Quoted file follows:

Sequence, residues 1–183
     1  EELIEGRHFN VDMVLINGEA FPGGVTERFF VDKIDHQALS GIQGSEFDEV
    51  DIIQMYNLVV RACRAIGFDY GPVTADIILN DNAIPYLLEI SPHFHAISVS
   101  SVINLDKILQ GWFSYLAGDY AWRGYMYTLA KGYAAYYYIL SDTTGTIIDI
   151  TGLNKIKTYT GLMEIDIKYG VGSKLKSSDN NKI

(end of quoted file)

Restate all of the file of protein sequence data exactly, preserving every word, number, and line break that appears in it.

Sequence, residues 1–183
     1  EELIEGRHFN VDMVLINGEA FPGGVTERFF VDKIDHQALS GIQGSEFDEV
    51  DIIQMYNLVV RACRAIGFDY GPVTADIILN DNAIPYLLEI SPHFHAISVS
   101  SVINLDKILQ GWFSYLAGDY AWRGYMYTLA KGYAAYYYIL SDTTGTIIDI
   151  TGLNKIKTYT GLMEIDIKYG VGSKLKSSDN NKI